One of the more difficult things parents must manage in a family is the sibling fights with one another. When the family is a blend of birth, foster, and adopted kiddos, parents want to know if it is just normal sibling rivalry, or something more. When does simple sibling rivalry turn into bullying, for example?
Hitting, shoving, name-calling, threats, mocking, shunning,
and spreading rumors
are all examples of bullying.
Bullying isn’t the same as teasing; most kids get teased by siblings, parents, other relatives, and friends. Teasing becomes harmful when only one kid is having fun, or when the teasing is done in a hurtful way. Bullying is different from sibling rivalry, where healthy competition is behind the horseplay. Moderate levels of conflict, such as in sibling rivalry, can help children learn to negotiate their needs, manage disagreements, develop empathy, and increase social skills. Not so with bullying. Bullying is the intentional torment of another in physical, verbal, or psychological ways. Hitting, shoving, name-calling, threats, mocking, shunning, and spreading rumors all examples of bullying.
Don’t dismiss bullying behavior as horseplay or sibling rivalry.
Siblings should never be victimized by other siblings.
Another distinguishing factor between sibling rivalry and bullying is whether or not the siblings generally have an otherwise warm relationship with each other. An example of an otherwise warm relationship would be the siblings who fight about something, and then an hour later are laughing and playing together again. In sibling relationships that do not have a high level of warmth and caring, even what seems to be just goofing around can be a marker for bullying.[i] Foster and adoptive parents should be on guard for signs of bullying at the beginning of the sibling relationship when the children are just getting to know each other and have not established a connection or bond yet.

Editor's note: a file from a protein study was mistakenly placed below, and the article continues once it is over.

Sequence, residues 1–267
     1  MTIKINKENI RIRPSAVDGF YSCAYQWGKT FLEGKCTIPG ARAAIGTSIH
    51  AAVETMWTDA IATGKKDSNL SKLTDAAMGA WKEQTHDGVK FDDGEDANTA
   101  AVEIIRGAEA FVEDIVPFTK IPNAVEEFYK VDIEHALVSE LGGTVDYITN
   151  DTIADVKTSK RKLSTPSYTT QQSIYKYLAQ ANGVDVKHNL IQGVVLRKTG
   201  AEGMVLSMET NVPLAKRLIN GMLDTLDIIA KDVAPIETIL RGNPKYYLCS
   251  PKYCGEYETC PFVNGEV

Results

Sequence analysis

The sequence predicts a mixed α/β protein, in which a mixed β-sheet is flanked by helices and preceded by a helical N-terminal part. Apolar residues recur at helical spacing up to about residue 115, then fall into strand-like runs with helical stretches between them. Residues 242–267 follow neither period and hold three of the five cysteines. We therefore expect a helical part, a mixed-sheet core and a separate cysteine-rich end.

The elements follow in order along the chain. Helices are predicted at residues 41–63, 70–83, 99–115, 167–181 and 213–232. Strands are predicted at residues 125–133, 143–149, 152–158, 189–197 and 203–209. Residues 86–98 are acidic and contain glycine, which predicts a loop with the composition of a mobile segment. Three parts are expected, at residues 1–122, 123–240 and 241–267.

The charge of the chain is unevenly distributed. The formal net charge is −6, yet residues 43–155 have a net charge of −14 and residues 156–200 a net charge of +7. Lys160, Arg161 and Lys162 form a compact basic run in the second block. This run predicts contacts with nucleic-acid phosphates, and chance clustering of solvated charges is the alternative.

Warm and caring behaviors in a relationship are necessary to prevent incidences of bullying in families with children prone to this behavior. Of course, building sibling relationships would take a priority in your parenting, but in the meantime, resident siblings need to know what bullying looks like so they can be empowered to speak up for themselves if it happens to them. They need to know it’s not OK and they need to feel confident that they will be heard when they do talk to you about it.
If your child discloses that they are being bullied:
- Listen calmly and offer comfort and support.
- Praise them for doing the right thing by talking to you about it.
- Remind them they aren’t alone —siblings often get bullied.
- Emphasize that it’s not their fault.
- Reassure them that you will figure out what to do about it together.
Some resident children will not speak up about being bullied by a foster or adopted brother or sister because they don’t want to cause their parents any more concern than what the parents already endure with the sibling. Caring for special needs children and also attending to the needs of typically developing resident children can overload most parents on some days. Resident children may feel that they want to help or that they should help, but don’t have the ability to do so. And so, they think one way to help is to stay silent about bullying.
TIP: Create a Safe Home Environment
- Make your home a calm, safe, and secure place for resident children to come to; sometimes this might just be a small section of the house that is used for a quiet place.
- If even a small, quiet space is not possible, then arrange for them to have frequent respite at a friend’s house, or other family member’s house from time to time.
- Monitor your children’s interactions with siblings and have periodic check-ins to make sure everything is OK.
When it comes to bullying, it’s important that resident siblings:
- Are honest with you
- Speak up for themselves
- Know that in no situation is it ever okay for them to be bullied
(This article was adapted from Chapter 5: Bullying from the book In Their Best Interest: Preventing Secondary Trauma in Siblings of Foster and Adopted Children, which will be released in July 2020.
[i] Bedford, Victoria Hilkevitch, Brenda L. Volling, and Paula Smith Avioli. “Positive Consequences of Sibling Conflict in Childhood and Adulthood.” The International Journal of Aging and Human Development 51, no. 1 (2000): 53–69. https://doi.org/10.2190/g6pr-cn8q-5pvc-5gtv.